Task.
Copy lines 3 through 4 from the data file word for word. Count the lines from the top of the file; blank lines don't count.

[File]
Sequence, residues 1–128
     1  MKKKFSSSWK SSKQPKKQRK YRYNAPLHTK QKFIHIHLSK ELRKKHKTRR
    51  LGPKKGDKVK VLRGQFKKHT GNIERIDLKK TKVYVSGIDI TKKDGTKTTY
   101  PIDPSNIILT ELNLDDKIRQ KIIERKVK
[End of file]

    51  LGPKKGDKVK VLRGQFKKHT GNIERIDLKK TKVYVSGIDI TKKDGTKTTY
   101  PIDPSNIILT ELNLDDKIRQ KIIERKVK